The domain-specific ontology 438 can include a reasonably thorough data model for the concepts and relationships that are specific to the domain. In various implementations, the domain-specific ontology 438 can be implemented using standardized format, such as Web Ontology Language (OWL), or proprietary formats. In various implementations, the domain-specific ontology 438 can be adaptive, and can grow, shrink, and/or change as the virtual personal assistant system 400 obtains new information about the domain. In various implementations, the domain-specific application resources 430 may include multiple ontologies, which may be related or may be unrelated.
The domain-specific workflows 440 can be used to interpret and fulfill a user's intent. For example, the domain-specific workflows 440 can include typical tasks performed within the domain and rules to associate a person's inputs with these tasks. The domain-specific workflows 440 can further include domain-specific reasoning and output generation rules.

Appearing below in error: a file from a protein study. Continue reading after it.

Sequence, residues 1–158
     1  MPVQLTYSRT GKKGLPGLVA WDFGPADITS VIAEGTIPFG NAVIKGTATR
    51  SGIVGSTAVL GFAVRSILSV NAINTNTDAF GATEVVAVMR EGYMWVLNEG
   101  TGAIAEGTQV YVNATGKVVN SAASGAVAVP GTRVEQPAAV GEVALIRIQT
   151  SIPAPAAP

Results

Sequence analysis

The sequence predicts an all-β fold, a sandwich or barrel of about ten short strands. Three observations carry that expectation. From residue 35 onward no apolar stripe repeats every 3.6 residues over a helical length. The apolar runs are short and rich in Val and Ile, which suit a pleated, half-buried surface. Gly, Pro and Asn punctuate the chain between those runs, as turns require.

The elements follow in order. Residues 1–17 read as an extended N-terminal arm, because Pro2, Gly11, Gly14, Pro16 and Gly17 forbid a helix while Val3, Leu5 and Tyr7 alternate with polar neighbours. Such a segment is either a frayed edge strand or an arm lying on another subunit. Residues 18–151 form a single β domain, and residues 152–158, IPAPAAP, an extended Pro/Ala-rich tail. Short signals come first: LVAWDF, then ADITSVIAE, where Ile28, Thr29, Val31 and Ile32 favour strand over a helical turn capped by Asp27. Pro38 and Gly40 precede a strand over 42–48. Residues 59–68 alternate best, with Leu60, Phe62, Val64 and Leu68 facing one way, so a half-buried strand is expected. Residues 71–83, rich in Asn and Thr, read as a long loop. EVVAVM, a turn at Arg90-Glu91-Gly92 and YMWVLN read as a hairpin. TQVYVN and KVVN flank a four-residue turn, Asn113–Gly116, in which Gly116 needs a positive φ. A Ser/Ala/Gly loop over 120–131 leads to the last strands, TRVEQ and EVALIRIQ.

The web services 442 can, in various implementations, integrate services provided by websites or other networked resources. For example, the web-services can implement a client-server protocol to interface with services provided by remote servers. These services can be used to fulfil a user's intent. For example, when the domain is a map application, the web services 442 can be used to access publically-available maps and address books. In some implementations, the web services 442 can be used for information retrieval and/or to perform transactions on behalf of a device's user. For example, a user can request that the virtual personal assistant system 400 buy a particular product, and the virtual personal assistant system 400 can, using the web services 442, find the product and place the order.